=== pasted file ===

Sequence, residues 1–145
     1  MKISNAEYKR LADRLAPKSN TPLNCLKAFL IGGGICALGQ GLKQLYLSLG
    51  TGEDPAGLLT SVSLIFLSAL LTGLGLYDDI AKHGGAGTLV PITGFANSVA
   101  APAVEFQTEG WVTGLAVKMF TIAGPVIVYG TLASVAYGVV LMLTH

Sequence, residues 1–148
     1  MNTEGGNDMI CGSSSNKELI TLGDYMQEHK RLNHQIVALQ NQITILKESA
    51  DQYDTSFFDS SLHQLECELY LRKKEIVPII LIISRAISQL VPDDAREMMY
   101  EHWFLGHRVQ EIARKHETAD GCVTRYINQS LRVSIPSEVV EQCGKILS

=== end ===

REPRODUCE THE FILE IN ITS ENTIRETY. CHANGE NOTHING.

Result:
Sequence, residues 1–145
     1  MKISNAEYKR LADRLAPKSN TPLNCLKAFL IGGGICALGQ GLKQLYLSLG
    51  TGEDPAGLLT SVSLIFLSAL LTGLGLYDDI AKHGGAGTLV PITGFANSVA
   101  APAVEFQTEG WVTGLAVKMF TIAGPVIVYG TLASVAYGVV LMLTH

Sequence, residues 1–148
     1  MNTEGGNDMI CGSSSNKELI TLGDYMQEHK RLNHQIVALQ NQITILKESA
    51  DQYDTSFFDS SLHQLECELY LRKKEIVPII LIISRAISQL VPDDAREMMY
   101  EHWFLGHRVQ EIARKHETAD GCVTRYINQS LRVSIPSEVV EQCGKILS